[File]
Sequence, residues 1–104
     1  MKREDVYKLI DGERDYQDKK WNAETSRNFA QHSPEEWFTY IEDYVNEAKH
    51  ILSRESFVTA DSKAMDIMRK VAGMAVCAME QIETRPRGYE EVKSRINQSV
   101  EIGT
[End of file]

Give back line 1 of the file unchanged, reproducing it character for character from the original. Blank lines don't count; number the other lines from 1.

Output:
Sequence, residues 1–104